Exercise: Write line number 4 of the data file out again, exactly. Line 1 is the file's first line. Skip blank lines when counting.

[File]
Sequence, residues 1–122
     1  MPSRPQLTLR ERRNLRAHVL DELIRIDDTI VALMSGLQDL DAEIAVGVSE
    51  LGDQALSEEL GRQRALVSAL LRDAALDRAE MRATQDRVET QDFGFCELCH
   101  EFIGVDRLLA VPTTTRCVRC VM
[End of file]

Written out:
   101  EFIGVDRLLA VPTTTRCVRC VM